Mid Argyll; make sure you don’t overlook this West of Scotland jewel

Mid Argyll  could well be tagged as “Overlooked Scotland”; a little out of the way, no big towns or cities, not the easiest place to get to (certainly without a car), but, with its history, scenery, serenity, wildlife, culture and opportunities for walking and cycling, well worth the effort if you do go.

Dunadd Hill

OK, so you can’t get to Kintyre by train, but you can take the bus and, if you have a word with Citylink beforehand, you might even find they’ll transport your bike. Coach 926 leaves Glasgow’s Buchanan Bus Station four times a day for Ardrishaig and for as little as £6 single, the 2 hours 45 minutes journey won’t seem long enough to take in the view of all the passing lochs and mountains from the window

Indeed, if getting to your destination is as important as the holiday itself, why not make your journey into an epic?  Take the train from Glasgow to Gourock, then ferry to Dunoon, bus to Portavadie, another ferry to Tarbert and a final bus to Ardrishaig. It takes just over four hours, but where else on mainland UK ( and, yes, you are still on the mainland) could you combine rail, road and sea with scenery to die for? Use Traveline Scotland  to organise your journey.

This jewel in the west of Scotland has the lot: as well as its unique history, relaxed pace of life and jaw-dropping scenery, it also has hotel/restaurant/cafe owners who actually seem to like and welcome visitors! What’s not to like?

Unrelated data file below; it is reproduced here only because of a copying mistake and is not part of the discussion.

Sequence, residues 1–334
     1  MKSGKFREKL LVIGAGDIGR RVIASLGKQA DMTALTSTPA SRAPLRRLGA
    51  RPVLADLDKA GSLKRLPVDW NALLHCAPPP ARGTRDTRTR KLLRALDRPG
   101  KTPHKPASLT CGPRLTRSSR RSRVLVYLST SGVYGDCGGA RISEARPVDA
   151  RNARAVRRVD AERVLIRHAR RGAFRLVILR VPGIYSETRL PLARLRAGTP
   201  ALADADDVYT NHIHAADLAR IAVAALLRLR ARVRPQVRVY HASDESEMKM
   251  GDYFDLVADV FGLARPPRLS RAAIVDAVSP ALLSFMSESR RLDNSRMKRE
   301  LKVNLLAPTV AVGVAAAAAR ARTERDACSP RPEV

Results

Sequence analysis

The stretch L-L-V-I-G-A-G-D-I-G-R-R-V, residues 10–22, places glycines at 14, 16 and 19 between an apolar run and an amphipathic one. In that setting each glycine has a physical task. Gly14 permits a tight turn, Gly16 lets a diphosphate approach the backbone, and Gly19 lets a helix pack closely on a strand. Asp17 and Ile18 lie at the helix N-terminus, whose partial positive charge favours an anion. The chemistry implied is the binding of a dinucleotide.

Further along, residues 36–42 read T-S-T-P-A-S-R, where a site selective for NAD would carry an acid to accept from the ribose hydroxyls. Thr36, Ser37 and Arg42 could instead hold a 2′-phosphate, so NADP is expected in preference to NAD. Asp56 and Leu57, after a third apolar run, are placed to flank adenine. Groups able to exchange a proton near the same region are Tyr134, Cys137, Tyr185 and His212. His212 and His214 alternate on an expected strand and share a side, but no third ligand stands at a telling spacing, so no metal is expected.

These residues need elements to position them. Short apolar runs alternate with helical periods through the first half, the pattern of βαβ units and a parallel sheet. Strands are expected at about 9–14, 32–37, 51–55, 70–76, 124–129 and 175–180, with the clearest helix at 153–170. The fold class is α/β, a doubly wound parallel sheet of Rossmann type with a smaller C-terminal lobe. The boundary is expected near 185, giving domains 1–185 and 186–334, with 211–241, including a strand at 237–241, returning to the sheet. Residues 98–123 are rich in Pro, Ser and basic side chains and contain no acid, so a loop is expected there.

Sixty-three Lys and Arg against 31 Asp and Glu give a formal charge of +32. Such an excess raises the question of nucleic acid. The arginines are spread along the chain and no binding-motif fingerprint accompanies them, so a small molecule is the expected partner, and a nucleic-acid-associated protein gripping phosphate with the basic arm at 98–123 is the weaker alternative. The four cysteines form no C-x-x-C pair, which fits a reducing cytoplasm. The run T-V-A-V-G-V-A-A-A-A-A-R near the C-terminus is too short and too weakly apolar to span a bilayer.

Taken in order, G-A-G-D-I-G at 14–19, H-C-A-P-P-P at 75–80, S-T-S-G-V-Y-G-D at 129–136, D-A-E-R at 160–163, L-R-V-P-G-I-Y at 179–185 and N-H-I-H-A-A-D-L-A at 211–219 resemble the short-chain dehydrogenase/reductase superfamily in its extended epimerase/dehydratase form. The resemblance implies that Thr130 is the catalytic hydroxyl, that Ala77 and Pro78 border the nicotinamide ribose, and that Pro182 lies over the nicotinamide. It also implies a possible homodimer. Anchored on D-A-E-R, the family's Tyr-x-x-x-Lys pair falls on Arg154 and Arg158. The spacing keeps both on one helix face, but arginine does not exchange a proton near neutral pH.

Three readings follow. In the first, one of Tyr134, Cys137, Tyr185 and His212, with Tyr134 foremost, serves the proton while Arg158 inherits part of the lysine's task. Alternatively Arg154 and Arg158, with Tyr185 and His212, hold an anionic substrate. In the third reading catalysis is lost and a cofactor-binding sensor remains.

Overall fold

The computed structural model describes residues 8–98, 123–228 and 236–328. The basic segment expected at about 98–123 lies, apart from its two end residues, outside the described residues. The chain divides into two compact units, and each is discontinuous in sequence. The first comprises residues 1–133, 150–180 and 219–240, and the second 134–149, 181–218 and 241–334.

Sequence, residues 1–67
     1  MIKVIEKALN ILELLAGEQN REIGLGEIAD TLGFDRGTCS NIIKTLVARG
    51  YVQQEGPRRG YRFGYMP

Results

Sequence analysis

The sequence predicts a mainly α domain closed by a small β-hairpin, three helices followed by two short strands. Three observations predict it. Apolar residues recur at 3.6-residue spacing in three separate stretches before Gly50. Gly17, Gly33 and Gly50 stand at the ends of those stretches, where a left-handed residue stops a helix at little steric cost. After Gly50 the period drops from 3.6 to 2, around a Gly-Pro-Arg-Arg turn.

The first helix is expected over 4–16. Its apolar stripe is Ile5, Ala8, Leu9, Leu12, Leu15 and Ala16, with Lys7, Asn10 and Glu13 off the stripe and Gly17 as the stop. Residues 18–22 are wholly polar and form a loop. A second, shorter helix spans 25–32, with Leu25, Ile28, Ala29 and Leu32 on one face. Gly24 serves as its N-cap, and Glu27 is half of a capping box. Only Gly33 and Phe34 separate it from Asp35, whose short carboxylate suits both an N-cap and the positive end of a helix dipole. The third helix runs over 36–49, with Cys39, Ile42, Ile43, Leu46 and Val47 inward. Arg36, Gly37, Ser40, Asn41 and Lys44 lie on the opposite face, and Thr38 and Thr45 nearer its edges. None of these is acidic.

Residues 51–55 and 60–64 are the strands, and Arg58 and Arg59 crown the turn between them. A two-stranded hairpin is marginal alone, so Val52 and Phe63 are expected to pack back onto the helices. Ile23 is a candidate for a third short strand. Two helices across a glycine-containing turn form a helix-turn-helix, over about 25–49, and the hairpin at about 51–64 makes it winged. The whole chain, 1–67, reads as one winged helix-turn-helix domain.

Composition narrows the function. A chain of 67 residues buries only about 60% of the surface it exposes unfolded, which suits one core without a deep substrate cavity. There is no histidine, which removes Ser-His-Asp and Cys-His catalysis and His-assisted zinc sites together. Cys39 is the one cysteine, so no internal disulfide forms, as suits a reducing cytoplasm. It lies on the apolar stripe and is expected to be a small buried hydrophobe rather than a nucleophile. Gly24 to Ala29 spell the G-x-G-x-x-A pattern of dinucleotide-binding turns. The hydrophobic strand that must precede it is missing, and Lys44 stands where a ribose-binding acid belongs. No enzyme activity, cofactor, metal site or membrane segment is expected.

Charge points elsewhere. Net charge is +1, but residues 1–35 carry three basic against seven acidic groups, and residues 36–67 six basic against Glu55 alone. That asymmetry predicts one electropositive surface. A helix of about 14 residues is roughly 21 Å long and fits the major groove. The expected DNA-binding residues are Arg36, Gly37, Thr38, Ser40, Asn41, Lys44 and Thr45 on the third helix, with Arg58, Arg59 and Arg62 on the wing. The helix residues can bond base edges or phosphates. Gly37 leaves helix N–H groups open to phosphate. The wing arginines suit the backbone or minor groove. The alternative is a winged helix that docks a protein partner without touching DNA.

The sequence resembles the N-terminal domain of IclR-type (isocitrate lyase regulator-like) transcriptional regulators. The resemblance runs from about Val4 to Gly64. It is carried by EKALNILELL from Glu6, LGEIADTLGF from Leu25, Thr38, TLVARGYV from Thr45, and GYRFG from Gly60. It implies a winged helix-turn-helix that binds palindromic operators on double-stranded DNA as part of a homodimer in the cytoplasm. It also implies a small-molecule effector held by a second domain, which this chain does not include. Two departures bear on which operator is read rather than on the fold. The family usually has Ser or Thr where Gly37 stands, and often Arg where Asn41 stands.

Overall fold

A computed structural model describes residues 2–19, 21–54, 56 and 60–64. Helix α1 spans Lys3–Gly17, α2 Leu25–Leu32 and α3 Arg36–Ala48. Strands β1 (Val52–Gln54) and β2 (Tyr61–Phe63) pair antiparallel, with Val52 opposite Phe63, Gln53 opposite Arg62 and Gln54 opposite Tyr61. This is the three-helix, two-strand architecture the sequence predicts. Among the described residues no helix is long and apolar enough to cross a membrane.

Standing Stones in Kilmartin Glen

Confined to a weekend visit, my major problem was so much to see, with so little time to do it. So, taking my theme as the area’s rich vein of history, ancient and modern, I headed for Kilmartin Glen to find out more about its standing stones, burial cairns, rock art, forts and carved stones that originated in the Neolithic period (6,000-4,000BC). Mid Argyll has the densest concentration of cup and ring marked rocks in the British Isles and the Glen contains Europe’s largest cup and ring marked site at Achnabreck.

The Glen is also home to one of Scotland’s most important historic sites of any period; Dunadd Fort, thought to have been built and occupied by the Dal Riata people from about 500AD. This area is now believed to have been a cultural and social centre where people, ideas and power were exchanged between lands connected by the sea.

Burial Pits in Klimartin Glen

Check out the artefacts and interpretations at the award-winning Kilmartin House Museum  browse the rock art silver jewellery in the shop and sample the yummy home baking in the adjoining cafe.

But don’t be misled into believing the area declined in importance as time moved on: the first book to be printed in Scots Gaelic, John Knox’s liturgy, was translated by John Carswell, a 16th century Protestant reformer, in 1567 at nearby Carnassie Castle  an attractive two mile stroll out of Kilmartin.

The Crinan Canal through Ardrishaig

Head back to Ardrishaig to enjoy a later, but no less important, artefact; the delightful nine mile Crinan Canal  Known as “Britain’s most beautiful shortcut”, it was built in the late eighteenth century between Ardrishaig on Loch Fyne and Crinan on the Sound of Jura.

Crinan Bridge

The canal provided a lifeline between the islands of the west coast and the Clyde Estuary and enabled the puffer ships that transported coal, food and other essentials throughout the nineteenth and early twentieth centuries, to avoid the long, arduous voyage round the south end of the Kintyre Peninsular.

Today, around two thousand mainly pleasure vessels, still pass through the canal and the waterway can also be appreciated, on foot or by bike, as an engineering marvel and an idyllic route through some stunning scenery.

When you reach Crinan, check out the top-floor gallery at the Crinan Hotel and, at certain times of the year, you might be lucky enough to see round one of the old puffer boats under renovation in the harbour.